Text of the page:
Anomalies rule, OK?

We have a scattering of a pretty little plant called Centaury in our meadow – or we did have, until I mowed it at the end of last month.

But today, I happened to catch sight of this little chap, growing on a very small plant obviously making the most of the late summer warmth, probably from a seed sown before mowing:

What caught my attention was that it has six petals, whereas the European Centaury, Centaurium erythraea, consistently has only five. I searched in vain for similar six-petalled pink flowers in my field guide, but eventually the leaves, and the shape of the sepals, convinced me it was indeed a Centaury, but one evidently unable to count. For the botanists among you, here is the business end…

A search on the web found me a botanical discussion in which someone photographed similar flowers with six or seven petals in Lebanon, and after much multilingual discussion the conclusion was it must be C. erythraea in anomalous form, even though none of the experts had ever heard of such a thing. So I seem to be a bit privileged to have mine.

In fact, it isn’t the first anomalous Centaury I’ve seen here – this year and a decade or so ago there was a white-flowered plant growing in the field, which appears to be a rather more common variation. Who would have thought our field would be such a hotbed of evolution? The plant is annual or biennial, and as I was photographing it, I saw a hoverfly come and feed on it, so who knows, maybe I’ll see a whole strain of them appearing come next year, as was apparently the case on the Lebanon hillside aforementioned.

Whenever I write on a species here, I like to research what is of interest about it, as there is always something unique to be noted in all God’s creatures. I’ve always wondered about the name, and it appears to have acquired it because, in myth, Chiron the famous physician-centaur used it to heal a poisoned arrow wound. Hippocrates himself refers to it.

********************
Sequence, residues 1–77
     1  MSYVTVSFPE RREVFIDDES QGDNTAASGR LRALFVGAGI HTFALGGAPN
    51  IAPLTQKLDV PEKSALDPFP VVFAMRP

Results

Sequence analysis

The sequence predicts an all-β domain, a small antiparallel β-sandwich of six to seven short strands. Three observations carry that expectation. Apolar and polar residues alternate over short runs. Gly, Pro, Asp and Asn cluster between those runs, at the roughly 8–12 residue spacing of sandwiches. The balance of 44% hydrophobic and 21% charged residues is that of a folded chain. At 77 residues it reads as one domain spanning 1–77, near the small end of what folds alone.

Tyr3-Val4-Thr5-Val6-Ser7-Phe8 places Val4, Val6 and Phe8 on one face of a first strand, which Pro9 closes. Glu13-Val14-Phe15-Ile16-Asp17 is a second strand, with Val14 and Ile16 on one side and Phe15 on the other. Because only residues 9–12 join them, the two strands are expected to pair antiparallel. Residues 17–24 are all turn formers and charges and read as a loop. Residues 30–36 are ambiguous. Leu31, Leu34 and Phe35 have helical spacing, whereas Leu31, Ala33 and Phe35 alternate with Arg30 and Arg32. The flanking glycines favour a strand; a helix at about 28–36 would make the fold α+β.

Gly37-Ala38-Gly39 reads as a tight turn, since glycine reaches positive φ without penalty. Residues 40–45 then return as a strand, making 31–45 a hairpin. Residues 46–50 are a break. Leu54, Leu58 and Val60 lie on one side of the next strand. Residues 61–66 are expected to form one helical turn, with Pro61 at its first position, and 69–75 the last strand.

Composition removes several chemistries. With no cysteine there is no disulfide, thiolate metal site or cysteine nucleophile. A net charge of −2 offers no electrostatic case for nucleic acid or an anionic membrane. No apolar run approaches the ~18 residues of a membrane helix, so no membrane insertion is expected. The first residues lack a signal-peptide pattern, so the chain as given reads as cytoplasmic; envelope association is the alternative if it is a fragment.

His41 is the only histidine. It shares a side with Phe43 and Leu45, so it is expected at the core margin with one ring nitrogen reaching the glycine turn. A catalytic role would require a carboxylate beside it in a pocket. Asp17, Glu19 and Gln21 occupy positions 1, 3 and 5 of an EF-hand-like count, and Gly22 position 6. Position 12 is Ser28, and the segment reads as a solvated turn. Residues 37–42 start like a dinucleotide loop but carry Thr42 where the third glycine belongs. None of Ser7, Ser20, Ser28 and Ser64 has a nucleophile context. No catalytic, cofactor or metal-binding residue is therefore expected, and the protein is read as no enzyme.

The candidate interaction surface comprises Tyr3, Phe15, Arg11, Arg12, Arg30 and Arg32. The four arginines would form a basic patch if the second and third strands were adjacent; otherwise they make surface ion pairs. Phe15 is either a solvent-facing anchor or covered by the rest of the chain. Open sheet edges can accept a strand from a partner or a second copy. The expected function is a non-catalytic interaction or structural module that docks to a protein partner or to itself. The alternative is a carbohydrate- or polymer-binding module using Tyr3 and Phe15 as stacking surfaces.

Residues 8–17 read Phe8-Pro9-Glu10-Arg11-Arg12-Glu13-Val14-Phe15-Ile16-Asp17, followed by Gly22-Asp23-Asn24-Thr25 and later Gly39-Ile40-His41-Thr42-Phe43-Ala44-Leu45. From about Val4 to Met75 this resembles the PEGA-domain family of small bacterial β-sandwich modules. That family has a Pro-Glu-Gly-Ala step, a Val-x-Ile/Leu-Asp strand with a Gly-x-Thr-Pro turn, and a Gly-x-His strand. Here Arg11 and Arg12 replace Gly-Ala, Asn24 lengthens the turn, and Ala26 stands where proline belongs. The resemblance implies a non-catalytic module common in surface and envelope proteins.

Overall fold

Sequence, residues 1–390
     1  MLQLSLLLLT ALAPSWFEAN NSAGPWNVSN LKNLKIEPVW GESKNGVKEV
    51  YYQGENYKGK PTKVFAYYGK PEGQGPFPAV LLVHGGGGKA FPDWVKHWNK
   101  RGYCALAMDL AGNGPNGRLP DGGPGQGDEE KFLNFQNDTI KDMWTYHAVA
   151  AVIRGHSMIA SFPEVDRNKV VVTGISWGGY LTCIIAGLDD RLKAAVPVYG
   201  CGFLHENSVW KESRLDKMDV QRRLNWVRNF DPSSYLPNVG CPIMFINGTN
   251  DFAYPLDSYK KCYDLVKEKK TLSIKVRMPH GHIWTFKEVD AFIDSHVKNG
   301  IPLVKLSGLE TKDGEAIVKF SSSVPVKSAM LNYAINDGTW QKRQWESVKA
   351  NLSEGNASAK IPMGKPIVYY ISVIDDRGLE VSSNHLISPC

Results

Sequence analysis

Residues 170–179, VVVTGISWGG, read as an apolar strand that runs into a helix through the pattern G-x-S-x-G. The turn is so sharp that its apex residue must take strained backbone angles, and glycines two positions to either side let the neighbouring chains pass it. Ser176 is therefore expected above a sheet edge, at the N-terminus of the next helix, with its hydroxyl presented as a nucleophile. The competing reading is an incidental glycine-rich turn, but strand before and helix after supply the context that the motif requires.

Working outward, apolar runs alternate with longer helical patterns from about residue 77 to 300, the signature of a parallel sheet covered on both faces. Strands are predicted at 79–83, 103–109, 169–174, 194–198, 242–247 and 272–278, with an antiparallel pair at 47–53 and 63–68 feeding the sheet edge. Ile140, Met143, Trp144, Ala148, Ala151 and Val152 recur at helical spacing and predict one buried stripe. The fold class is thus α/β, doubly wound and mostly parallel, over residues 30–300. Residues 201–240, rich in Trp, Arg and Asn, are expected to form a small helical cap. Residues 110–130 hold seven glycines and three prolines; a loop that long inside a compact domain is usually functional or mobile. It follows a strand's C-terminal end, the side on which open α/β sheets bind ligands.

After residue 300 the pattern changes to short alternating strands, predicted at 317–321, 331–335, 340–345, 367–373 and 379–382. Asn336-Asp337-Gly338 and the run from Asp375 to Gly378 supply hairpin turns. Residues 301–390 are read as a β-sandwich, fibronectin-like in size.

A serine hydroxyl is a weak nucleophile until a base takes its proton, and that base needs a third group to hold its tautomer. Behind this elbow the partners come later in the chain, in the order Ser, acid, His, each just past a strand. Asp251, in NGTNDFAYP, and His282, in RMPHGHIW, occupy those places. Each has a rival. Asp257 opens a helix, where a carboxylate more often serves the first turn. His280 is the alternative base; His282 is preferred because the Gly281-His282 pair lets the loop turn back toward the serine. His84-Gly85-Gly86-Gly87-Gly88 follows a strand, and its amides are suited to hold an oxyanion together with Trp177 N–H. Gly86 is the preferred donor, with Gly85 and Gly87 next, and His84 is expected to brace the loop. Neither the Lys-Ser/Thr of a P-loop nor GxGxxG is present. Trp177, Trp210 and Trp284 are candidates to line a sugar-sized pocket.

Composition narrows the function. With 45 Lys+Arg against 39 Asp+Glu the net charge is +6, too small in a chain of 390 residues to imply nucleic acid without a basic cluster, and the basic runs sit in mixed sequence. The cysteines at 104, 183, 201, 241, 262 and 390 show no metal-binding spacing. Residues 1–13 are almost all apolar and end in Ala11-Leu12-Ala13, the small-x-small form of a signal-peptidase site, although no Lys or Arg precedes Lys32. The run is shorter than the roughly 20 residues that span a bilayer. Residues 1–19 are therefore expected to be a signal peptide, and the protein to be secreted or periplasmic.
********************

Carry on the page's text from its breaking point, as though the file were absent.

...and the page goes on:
Centaury , a member of the gentian family, is indeed one of those plants that appears in every herbal, treating everything from snake-bite to stomach and liver complaints. One of its other names, Feverwort, indicates a role as an antipyretic, not to be confused with Feverfew, which also grows here. Maybe they work better in combination, as ibuprofen and paracetamol are reputed to do. That’s one to remember when the pharmacies begin to insist on vaccine passports…

Any medicinal value Centaury has appears to arise from a number of xanthine alkaloids and phenolic acids it produces. As so often is the case since Rockefeller molecularised medicine back in the nineteen twenties, little research has been done on this, but a plant that’s been in regular use across the world since classical times is unlikely to be useless. Here’s a sixth century illustration. I doubt theirs really had only two petals. But only mine, and the bloke in Lebanon’s, has six.

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About Jon Garvey

Training in medicine (which was my career), social psychology and theology. Interests in most things, but especially the science-faith interface. The rest of my time, though, is spent writing, playing and recording music.
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2 Responses to Anomalies rule, OK?

  1. Peter Hickman says:

    Your mention of the medicinal uses of Centaury reminded me that my dad used to make periwinkle ointment, and was rather proud of his concoction. I don’t recall what personal use he put it to (probably because he didn’t tell me), but I remember that for my siblings and me it was applied to sore skin – for insect bites and the like.
    I looked up periwinkle today and, yes, it’s closely related to gentians. Five petals, though – no sixes (that I could find).
    Well spotted!
    I have a small wild-flower patch (a patch that I deliberately sowed – not a meadow – yet), and I have noticed a few late arrivals in the last couple of weeks; as you say, the recent warm weather has helped.

    • Avatar photo Jon Garvey says:

      Periwinkles certainly found their way into conventional pharmacology, via vincristine and vinblastine, horribly poisonous drugs I used to inject into leukaemia patients in Poole General when I wasn’t injecting people with isotopes.

      Your father’s work reminds me of a piece I wrote back in the World Medicine days that might amuse you. The way the NHS is going, it seems almost topical.

      The only thing I’ve actually sown in our meadow is yellow rattle, which would have been there naturally before somebody maximised its grass production as a paddock. Each year we get new species colonising it, which is fascinating.

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